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Italy, 2008, 137 Minute Running Time
Genre/Subjects: Drama, Family Issues, Foreign, Gangster, Social Issues
Program: Contemporary World CinemaLanguage: Italian, Cantonese, French English Subtitles
DIRECTOR: Matteo Garrone
Producer: Domenico ProcacciEditor: Marco SpoletiniScreenwriter: Matteo Garrone, Roberto Saviano, Maurizio BraucciCinematographer: Marco OnoratoPrincipal Cast: Toni Servillo, Gianfelice Imparato, Maria Nazionale, Salvatore CantalupoUS Distributor: IFC Films
Winner of the Grand Prix at this year’s Cannes Film Festival, Gomorrah is a gritty fictionalized adaptation of reporter Roberto Saviano’s exposé of the Camorra crime family of Naples. Five storylines converge to paint a well-rounded picture of mob life, from the shocking to the mundane; the characters at their centers are not cloaked in the glamour typical of lesser crime sagas, appearing instead as fully realized human beings with understandable ambitions and frustrations.
Among them is an initially eager recruit who, unhappy to find himself responsible for the disposal of toxic waste, begins dumping it on otherwise pristine mob-owned property. And a thirteen-year-old who hears the siren call of the underground and signs on to hustle drugs, using all his youthful exuberance to become a success. A couple of teenaged dimwits, enamored with the violent likes of Scarface, shoot borrowed guns across a lake, convinced by the ensuing rush of power that they can outsmart the entrenched crime syndicate and set up shop on their own. A tailor in charge of creating the Camorras’ high-fashion knockoffs makes a deal with the devil—in the form of rival Chinese sweatshop owners—that hardly pays off. And a money runner who provides support to the families of associates now dead or in jail finds that the old system of loyalty isn’t working anymore, as things heat up in a war among clans.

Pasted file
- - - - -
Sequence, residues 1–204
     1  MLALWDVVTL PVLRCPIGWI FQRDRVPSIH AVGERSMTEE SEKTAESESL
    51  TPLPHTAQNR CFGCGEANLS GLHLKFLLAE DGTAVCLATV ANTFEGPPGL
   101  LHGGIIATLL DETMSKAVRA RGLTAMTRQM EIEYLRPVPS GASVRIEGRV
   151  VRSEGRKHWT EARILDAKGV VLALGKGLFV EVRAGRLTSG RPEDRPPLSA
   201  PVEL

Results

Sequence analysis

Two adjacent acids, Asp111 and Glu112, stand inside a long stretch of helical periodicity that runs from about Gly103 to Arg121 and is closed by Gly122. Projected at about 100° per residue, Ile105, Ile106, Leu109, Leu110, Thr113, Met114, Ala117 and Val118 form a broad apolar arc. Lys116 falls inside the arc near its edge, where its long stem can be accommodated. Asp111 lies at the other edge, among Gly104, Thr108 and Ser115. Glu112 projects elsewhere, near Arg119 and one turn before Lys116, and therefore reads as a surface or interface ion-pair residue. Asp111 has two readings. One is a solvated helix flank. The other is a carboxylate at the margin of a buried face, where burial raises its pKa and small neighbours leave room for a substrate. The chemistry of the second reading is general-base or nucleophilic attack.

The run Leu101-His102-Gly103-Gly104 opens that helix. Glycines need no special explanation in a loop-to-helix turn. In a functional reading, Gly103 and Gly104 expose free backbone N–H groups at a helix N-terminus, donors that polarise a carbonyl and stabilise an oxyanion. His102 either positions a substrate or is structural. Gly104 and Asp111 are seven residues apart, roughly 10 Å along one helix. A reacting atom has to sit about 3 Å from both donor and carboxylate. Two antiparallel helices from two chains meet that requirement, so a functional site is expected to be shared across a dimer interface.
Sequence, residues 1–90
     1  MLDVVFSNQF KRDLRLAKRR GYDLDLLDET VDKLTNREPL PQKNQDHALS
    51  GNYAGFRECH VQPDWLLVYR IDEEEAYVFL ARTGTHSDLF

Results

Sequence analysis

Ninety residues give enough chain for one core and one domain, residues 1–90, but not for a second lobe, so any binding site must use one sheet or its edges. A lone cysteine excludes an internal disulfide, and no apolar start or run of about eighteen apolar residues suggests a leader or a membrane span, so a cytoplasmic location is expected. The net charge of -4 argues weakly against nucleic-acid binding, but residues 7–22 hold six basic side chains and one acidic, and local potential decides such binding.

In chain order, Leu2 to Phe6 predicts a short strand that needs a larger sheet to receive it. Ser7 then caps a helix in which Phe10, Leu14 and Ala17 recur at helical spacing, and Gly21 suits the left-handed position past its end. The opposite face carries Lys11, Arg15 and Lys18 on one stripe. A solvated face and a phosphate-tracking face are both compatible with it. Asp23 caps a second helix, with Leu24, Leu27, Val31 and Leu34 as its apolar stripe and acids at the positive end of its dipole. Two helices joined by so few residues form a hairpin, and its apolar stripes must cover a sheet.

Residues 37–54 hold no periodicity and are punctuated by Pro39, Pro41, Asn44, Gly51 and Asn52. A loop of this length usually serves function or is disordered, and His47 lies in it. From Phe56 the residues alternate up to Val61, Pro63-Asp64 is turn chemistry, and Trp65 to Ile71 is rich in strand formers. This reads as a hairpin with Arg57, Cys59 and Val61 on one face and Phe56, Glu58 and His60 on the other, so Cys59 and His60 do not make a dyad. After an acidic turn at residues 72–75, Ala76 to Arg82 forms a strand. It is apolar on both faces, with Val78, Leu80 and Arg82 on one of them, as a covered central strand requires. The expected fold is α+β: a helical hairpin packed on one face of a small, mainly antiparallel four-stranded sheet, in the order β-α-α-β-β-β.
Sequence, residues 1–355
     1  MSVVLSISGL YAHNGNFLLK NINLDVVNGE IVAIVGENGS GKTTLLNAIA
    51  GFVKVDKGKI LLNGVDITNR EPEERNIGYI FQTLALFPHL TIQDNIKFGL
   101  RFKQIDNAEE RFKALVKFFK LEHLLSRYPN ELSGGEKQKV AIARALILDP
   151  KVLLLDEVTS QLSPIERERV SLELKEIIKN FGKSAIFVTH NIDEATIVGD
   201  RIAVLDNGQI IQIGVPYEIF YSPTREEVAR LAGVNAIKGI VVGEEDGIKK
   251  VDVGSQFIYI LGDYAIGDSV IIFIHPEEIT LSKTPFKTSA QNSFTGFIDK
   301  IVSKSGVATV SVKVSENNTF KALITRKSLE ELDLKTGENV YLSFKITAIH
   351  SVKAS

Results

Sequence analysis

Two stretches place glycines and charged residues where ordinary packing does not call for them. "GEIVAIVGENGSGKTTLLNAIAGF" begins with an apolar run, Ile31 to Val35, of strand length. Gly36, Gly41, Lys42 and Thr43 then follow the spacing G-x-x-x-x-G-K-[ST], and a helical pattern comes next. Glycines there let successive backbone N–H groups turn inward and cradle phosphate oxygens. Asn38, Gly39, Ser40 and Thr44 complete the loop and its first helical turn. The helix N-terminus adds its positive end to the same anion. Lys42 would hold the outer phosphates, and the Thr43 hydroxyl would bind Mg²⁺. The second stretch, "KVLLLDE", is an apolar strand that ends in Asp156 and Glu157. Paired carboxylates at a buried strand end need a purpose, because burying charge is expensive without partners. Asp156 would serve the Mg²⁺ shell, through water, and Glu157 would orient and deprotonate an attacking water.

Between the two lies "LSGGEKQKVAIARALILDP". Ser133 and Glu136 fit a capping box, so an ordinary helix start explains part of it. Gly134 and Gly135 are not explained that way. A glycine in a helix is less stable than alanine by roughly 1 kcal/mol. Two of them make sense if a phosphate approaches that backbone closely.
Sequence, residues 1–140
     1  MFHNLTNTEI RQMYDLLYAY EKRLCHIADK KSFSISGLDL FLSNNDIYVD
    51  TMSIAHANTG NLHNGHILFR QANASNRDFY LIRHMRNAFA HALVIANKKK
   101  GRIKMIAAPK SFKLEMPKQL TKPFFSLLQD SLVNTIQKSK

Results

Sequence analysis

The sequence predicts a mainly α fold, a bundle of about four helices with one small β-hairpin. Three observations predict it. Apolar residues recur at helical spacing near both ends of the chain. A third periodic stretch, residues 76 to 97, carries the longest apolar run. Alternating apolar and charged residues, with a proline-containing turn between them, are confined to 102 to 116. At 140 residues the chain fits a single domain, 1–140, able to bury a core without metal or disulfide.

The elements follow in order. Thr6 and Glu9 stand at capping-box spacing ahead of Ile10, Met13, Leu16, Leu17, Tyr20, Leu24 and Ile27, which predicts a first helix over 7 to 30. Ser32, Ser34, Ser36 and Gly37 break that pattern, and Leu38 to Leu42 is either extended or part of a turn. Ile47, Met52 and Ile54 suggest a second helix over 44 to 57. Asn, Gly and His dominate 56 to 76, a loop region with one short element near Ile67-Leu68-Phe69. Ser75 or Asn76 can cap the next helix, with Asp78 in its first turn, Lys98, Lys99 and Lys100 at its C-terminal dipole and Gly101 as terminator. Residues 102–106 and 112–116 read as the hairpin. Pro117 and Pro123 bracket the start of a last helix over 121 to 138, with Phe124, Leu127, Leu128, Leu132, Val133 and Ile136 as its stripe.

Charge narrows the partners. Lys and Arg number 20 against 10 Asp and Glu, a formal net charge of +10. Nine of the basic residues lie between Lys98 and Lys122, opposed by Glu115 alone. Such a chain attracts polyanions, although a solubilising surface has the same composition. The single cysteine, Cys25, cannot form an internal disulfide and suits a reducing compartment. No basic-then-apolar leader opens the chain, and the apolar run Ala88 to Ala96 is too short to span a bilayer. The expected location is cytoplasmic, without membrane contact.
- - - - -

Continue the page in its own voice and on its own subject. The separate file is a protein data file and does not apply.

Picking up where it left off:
Partly filmed amid crumbling concrete housing projects, Gomorrah focuses on the attraction to organized crime even for those who never stand to profit from it. But director Matteo Garrone doesn’t allow moral outrage or melodrama to undermine the clear-sightedness of what he has called “a war chronicle.” Instead, he studiously preserves the feel of Saviano’s reportage by taking a quasi-documentary approach, making for cinematic realism so bleak the film stock practically seems black and white.
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